Lots of projects ahead for Bradenton Beach
2007 promises to be an historic year for Bradenton Beach.
More than $4 million in capital improvement projects are slated to commence and be completed within the city in the next 12 months, a record unsurpassed since the first beach renourishment project in the city in 1992-93.
The work will stretch the length of the city.
Probably first to reach fruition will be the Coquina Beach Trail, a joint Manatee County-Bradenton Beach project that will add an 8-foot-wide pathway to the park from Fifth Street South to just west of the Longboat Pass Bridge.
That project was approved by Manatee County commissioners last week, and is scheduled to commence very soon with a completion date within 60 days. Cost is about $250,000.
Probably the biggest and longest-awaited effort of the city is resurrection of the city pier restaurant. Bradenton Beach officials have secured a $2.1 million line of credit to build a 92-seat restaurant, as well as dockmaster, tackle shop-informational kiosk buildings and rest rooms. Floating docks will also be constructed to the south of the pier, located east of Bridge Street in Anna Maria Sound.
Building official Ed Mc Adam has said that Southern Cross Construction of Sarasota proposes to have the restaurant area completed by July 1. The floating dock structure, paid for in large part by grants, will be completed by late June. Overall construction is due to be finished by early August.
Rotten Ralph’s Restaurant will manage the pier restaurant as a franchisee of the city, paying $8,500 a month.
If the pier work is the biggest capital improvement project in the city, a sidewalk-streetscape effort scheduled to start in August will be the longest — a path off Gulf Drive along the east side of the road that will run from the northernmost border of the city to Cortez Road.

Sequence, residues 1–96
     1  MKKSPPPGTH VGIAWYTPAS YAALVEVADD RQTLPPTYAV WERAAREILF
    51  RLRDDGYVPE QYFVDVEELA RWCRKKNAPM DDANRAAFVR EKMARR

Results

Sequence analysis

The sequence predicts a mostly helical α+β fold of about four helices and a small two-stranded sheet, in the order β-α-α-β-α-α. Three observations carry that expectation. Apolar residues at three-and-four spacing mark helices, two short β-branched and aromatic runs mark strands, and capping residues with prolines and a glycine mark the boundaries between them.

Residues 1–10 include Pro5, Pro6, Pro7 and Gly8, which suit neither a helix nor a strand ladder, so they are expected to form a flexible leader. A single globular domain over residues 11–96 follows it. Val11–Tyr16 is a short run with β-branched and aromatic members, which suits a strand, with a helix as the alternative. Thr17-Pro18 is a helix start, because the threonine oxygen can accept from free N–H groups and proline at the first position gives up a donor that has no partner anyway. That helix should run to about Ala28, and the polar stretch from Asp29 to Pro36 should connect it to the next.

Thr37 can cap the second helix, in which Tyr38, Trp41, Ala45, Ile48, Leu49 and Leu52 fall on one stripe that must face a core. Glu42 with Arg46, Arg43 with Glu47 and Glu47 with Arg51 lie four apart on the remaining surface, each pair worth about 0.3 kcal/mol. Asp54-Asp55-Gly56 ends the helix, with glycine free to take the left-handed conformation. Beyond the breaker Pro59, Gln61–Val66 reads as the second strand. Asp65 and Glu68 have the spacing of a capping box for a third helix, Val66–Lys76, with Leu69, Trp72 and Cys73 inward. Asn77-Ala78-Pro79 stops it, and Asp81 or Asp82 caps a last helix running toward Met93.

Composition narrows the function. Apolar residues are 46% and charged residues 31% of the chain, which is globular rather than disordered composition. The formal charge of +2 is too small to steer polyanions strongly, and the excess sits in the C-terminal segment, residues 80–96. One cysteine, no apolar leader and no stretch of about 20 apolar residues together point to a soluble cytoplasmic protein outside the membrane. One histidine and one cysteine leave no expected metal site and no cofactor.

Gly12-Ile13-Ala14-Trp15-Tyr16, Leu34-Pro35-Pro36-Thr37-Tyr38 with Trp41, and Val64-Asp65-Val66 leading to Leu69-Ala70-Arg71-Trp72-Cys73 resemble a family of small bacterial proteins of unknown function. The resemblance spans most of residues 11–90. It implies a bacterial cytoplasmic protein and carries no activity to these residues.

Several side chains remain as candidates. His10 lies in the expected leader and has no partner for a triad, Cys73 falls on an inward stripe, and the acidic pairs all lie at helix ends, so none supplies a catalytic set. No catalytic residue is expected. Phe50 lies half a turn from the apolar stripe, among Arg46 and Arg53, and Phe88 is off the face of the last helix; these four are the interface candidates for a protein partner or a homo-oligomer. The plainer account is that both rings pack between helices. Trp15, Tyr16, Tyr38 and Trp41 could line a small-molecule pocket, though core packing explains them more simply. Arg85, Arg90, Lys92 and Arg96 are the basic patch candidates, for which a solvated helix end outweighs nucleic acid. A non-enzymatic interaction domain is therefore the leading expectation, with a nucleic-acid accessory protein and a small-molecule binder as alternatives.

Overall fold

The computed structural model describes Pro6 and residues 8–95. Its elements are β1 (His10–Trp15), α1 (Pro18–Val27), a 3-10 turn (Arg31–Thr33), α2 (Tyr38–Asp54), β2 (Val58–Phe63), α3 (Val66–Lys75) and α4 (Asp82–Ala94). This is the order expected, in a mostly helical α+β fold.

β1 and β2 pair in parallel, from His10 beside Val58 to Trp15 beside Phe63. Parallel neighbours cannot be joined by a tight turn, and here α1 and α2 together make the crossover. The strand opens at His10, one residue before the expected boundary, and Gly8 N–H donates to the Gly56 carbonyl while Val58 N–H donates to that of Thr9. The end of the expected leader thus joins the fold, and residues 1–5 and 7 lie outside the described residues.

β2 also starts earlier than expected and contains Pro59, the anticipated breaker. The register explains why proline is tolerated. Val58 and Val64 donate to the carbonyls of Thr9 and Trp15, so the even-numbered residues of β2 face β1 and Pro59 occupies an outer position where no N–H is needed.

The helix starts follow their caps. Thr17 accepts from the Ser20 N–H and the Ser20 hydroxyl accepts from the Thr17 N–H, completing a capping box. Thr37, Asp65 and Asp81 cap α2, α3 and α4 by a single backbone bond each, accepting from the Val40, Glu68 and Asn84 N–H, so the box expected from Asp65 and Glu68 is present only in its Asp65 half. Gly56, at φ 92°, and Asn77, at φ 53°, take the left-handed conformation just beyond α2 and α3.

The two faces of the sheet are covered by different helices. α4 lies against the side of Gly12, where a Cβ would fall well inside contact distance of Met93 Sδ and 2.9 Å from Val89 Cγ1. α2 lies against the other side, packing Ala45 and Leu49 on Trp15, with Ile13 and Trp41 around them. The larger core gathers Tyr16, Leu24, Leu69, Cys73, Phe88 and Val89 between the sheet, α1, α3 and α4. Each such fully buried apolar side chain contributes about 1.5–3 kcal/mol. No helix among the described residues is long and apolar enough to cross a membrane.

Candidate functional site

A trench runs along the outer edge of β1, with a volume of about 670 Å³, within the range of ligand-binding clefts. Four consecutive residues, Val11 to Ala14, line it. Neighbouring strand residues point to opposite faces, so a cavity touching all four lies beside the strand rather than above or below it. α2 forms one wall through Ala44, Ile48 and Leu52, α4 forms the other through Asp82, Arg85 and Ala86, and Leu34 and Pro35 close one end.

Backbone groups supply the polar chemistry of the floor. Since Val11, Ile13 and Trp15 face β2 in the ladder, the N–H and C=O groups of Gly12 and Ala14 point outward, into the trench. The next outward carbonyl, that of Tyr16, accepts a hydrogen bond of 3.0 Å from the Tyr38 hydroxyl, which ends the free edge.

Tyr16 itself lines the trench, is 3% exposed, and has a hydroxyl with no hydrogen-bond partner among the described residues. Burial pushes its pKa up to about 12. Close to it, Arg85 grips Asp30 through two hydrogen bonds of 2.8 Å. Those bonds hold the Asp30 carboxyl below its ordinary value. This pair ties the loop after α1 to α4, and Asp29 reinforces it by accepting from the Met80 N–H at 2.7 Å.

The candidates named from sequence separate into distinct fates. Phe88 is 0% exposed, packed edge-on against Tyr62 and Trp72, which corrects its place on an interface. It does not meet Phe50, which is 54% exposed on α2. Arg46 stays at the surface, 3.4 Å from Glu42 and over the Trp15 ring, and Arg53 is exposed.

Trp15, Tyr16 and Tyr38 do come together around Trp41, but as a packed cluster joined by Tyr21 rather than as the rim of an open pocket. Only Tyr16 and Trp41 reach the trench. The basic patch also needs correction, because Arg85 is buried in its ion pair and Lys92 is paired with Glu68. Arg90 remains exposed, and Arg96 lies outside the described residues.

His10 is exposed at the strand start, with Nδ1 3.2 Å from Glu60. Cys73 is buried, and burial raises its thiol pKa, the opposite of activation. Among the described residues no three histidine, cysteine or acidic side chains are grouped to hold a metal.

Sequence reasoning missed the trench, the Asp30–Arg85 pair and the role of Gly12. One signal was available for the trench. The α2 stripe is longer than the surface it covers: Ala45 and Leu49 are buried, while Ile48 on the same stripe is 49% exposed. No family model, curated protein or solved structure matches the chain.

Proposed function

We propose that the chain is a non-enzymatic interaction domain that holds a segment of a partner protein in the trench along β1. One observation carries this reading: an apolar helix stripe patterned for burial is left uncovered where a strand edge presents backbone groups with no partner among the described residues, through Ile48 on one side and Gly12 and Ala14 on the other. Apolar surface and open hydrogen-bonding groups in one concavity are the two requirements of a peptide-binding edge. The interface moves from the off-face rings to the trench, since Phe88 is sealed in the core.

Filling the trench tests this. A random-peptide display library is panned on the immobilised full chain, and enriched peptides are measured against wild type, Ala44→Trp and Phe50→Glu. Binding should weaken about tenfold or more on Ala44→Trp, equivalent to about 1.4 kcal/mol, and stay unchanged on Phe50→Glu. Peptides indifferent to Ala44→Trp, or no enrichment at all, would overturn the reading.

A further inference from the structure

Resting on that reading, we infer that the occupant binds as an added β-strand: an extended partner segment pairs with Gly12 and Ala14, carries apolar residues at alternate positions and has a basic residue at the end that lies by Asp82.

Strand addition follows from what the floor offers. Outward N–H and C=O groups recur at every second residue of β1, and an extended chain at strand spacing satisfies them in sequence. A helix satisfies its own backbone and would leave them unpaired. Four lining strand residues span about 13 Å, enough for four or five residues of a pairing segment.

Through a Florida Department of Transportation grant, a 5-foot-wide sidewalk will link existing paths in a trail through the city, with low-level landscaping featured. All of the sidewalk will be handicap-friendly, according to DOT’s Chris Piazza.
There will be a jog off Gulf Drive at 22nd Street to Avenue C to avoid the S-curve, Piazza said.
Total cost of the DOT-funded project is about $700,000.
Another Gulf Drive pathway project will take place south of Cortez Road to Fifth Street South. Mitch McKnight, of the engineering firm of Wilson-Miller, said he hopes to go out to bid for a contractor any day, with an award expected by April and construction to start soon thereafter.
The project includes sidewalks on the east and west sides of Gulf Drive, landscaping and paved crosswalks at the sidestreet intersections.
Three trolley shelters will be constructed in the $350,000 project, mimicking an Old Florida style with metal roofs and open sides, on the east and west sides of Gulf Drive at Second Street and at Fifth Street South. There will also be a crosswalk constructed at Gulf Drive at Fifth Street South to tie into the Coquina Beach Trail starting point.
Curbing will be added along both sides of the roadway as well, McKnight said.
Beachgoers will enjoy boardwalks and shower facilities at the beach-Gulf access points at both Bridge Street and Fourth Street South.
At the Cortez Road/Gulf Drive intersection, some significant improvements are planned, according to Susan Kenney with the engineering firm of PBS&J.
Resurfacing of the roadway from the Cortez Bridge west to and including Gulf Drive will commence shortly after April 30. Also included in the project is replacing the dangling traffic signals with a solid mast-arm arrangement, which has been mandated for all traffic signals in Florida due to storm/wind codes.
Based upon comments by Bradenton Beach Scenic Highway Committee members, Kenney said she would also look at reconfiguring the intersection’s northbound eastern turn lane onto Cortez Road to encourage more traffic to flow onto that road rather than stack up on Gulf Drive. She also was going to install measures that would keep the intersection more clear of vehicular traffic when the bridge draw is open.
Cost of the project is about $472,000, she said.
Minimal traffic impacts are expected for the intersection work, Kenney added.
Also within the capital projects in the city is the dredging of the two canals at Anna Maria Sound off 21st Street, at an estimated expense of $88,000, and the ongoing Waterfronts Florida Program at $50,000 for two years.
It promises to be a year of challenging projects for Bradenton Beach and its motorists.